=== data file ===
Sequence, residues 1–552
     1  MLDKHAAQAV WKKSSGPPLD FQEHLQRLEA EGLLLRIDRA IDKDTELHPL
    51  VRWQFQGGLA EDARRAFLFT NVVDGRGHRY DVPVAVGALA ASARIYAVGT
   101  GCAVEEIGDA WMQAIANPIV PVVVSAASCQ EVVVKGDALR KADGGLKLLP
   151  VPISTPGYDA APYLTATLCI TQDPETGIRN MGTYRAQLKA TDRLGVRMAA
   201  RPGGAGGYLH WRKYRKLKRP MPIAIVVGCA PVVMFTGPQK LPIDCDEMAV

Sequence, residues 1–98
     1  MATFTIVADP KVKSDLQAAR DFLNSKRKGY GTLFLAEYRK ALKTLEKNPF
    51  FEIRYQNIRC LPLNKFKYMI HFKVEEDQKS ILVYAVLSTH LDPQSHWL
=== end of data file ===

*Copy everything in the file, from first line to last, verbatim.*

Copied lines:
Sequence, residues 1–552
     1  MLDKHAAQAV WKKSSGPPLD FQEHLQRLEA EGLLLRIDRA IDKDTELHPL
    51  VRWQFQGGLA EDARRAFLFT NVVDGRGHRY DVPVAVGALA ASARIYAVGT
   101  GCAVEEIGDA WMQAIANPIV PVVVSAASCQ EVVVKGDALR KADGGLKLLP
   151  VPISTPGYDA APYLTATLCI TQDPETGIRN MGTYRAQLKA TDRLGVRMAA
   201  RPGGAGGYLH WRKYRKLKRP MPIAIVVGCA PVVMFTGPQK LPIDCDEMAV

Sequence, residues 1–98
     1  MATFTIVADP KVKSDLQAAR DFLNSKRKGY GTLFLAEYRK ALKTLEKNPF
    51  FEIRYQNIRC LPLNKFKYMI HFKVEEDQKS ILVYAVLSTH LDPQSHWL